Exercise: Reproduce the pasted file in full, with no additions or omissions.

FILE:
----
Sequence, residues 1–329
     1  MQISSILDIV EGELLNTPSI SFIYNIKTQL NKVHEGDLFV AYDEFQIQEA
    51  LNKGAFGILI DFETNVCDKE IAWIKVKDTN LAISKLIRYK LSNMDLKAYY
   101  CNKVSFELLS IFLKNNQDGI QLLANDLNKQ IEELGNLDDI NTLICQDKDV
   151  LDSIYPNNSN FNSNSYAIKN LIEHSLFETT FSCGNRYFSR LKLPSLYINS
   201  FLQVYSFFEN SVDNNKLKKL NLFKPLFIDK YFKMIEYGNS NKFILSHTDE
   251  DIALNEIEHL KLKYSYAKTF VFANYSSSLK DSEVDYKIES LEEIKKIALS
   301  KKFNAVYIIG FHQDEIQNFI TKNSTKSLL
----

Sequence, residues 1–329
     1  MQISSILDIV EGELLNTPSI SFIYNIKTQL NKVHEGDLFV AYDEFQIQEA
    51  LNKGAFGILI DFETNVCDKE IAWIKVKDTN LAISKLIRYK LSNMDLKAYY
   101  CNKVSFELLS IFLKNNQDGI QLLANDLNKQ IEELGNLDDI NTLICQDKDV
   151  LDSIYPNNSN FNSNSYAIKN LIEHSLFETT FSCGNRYFSR LKLPSLYINS
   201  FLQVYSFFEN SVDNNKLKKL NLFKPLFIDK YFKMIEYGNS NKFILSHTDE
   251  DIALNEIEHL KLKYSYAKTF VFANYSSSLK DSEVDYKIES LEEIKKIALS
   301  KKFNAVYIIG FHQDEIQNFI TKNSTKSLL